Unified Patent Court’s entry into force

On 1 June 2023, the Unified Patent Court (UPC) finally came into force after years of negotiations between Member States. The project was launched by the UPC Agreement of 19 February 2013, signed by 25 Member States, and ratified by 17 of them.

The UPC is now the exclusive body competent to decide on the infringement and validity of European patents and Unitary patents. This centralization of European patent litigation is a welcome sight, as patent proprietors and third parties will no longer need to engage in different proceedings in different countries to protect their rights. Decisions rendered by the UPC are automatically enforceable in all Member States which have ratified the UPC Agreement. This is of course a real time- and money-saver for litigants.

Another big improvement will be the creation of a sole European caselaw as the UPC will progressively render decisions. Gone are the days of diverging national caselaw on the infringement and validity of European patents, although these patents are specifically aiming at providing the same legal protection in every Member States. The centralization of litigation will also put an end to diverging national decisions in parallel proceedings on the same patent.

Contrary to what the name suggests, the UPC is in fact not a single court per se. It consists of a Court of First Instance and a Court of Appeal. The Court of First Instance is composed of a central division (with its seat in Paris and a section in Munich) and several local and regional divisions. The Court of Appeal is in Luxembourg. There are currently 14 local and regional divisions disseminated across the European Union.

88 judges will sit in these different courts and divisions. The rule is that each panel must be multinational. 3 judges sit during the first instance and 5 in the Court of Appeal. Concerning jurisdiction, the central division has jurisdiction over nullity proceedings, while local and regional divisions have jurisdiction over infringement proceedings when the infringement occurred, or the defendant is domiciled on their territory. However, parties are free to designate together in front of which division they wish to go.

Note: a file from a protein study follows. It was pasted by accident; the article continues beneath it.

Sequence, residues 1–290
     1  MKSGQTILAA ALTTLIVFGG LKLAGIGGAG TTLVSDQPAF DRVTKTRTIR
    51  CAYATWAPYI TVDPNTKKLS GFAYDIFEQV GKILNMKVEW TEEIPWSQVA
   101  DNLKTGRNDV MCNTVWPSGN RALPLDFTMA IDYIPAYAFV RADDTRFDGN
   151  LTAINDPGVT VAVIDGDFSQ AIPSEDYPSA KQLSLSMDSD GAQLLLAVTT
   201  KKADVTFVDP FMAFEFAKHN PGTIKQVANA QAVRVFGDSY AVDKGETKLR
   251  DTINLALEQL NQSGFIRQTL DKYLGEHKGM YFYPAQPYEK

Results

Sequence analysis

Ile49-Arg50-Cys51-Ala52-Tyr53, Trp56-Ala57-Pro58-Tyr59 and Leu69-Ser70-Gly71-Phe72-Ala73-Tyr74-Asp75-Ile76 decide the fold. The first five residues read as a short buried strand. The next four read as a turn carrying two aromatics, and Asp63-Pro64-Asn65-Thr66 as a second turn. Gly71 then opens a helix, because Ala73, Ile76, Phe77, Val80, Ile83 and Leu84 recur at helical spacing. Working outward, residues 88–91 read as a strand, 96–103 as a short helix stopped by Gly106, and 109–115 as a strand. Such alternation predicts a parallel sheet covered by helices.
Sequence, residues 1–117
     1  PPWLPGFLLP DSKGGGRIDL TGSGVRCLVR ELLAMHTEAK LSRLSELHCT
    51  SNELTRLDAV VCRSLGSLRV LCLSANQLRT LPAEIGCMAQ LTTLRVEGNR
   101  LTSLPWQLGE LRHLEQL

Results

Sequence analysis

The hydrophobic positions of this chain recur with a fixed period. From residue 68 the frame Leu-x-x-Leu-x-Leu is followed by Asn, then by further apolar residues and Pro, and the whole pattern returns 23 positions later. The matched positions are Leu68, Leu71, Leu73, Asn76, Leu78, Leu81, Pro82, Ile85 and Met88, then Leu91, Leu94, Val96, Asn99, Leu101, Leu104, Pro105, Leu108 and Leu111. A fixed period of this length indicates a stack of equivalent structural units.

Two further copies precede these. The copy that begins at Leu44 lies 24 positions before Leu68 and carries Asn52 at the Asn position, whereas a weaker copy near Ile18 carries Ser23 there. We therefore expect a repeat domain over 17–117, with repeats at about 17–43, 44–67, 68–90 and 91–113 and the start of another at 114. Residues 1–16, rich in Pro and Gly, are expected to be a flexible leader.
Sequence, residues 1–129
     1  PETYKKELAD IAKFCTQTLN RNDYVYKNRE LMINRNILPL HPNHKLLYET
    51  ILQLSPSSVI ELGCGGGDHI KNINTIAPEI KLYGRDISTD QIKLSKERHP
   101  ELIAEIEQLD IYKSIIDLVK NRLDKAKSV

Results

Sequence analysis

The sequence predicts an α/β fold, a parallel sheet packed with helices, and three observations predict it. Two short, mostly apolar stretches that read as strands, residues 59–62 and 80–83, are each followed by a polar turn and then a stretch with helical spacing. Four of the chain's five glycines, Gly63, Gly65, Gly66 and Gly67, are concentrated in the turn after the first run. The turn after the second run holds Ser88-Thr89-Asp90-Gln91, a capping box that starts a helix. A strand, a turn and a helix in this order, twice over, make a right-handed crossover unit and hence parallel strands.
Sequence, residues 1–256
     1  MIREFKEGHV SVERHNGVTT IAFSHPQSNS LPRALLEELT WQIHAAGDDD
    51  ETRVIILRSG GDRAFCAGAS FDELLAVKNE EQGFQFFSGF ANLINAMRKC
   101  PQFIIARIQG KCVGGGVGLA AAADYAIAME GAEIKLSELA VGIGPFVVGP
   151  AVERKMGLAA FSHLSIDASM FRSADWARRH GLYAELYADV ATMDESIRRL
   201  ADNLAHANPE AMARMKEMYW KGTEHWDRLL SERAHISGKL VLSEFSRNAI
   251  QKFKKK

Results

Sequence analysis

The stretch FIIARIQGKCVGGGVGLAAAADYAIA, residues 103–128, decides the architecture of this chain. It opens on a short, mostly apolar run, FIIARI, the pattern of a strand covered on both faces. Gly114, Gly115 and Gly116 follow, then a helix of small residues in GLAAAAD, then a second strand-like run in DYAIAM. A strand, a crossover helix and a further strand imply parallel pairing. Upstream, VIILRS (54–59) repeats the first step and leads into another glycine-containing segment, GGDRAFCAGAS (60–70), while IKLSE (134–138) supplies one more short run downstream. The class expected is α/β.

When the central division has jurisdiction, cases are dispatched between its sections depending on the technical field concerned. For example, the Paris section has jurisdiction over nullity proceedings against European patents in the field of industrial techniques, transport, textiles, paper, fixed constructions, physics, and electricity.

It is important to note that a sunrise period was installed to enable a smooth transition to the new system. It will still be possible to seize the national courts for the next 7 years. During that period, the European patent proprietor can even notify to the UPC that he opts out, i.e. no proceedings can be engaged in front of the UPC providing that there haven’t been proceedings concerning the same patent before that notification.

Finally, when there are pending questions on pure European points of law (excluding procedural points of law, or questions on patentability, infringement etc…) the Court of First Instance can, and the Court of Appeal must ask the European Court of Justice for a preliminary ruling.

Zacharie PIERRE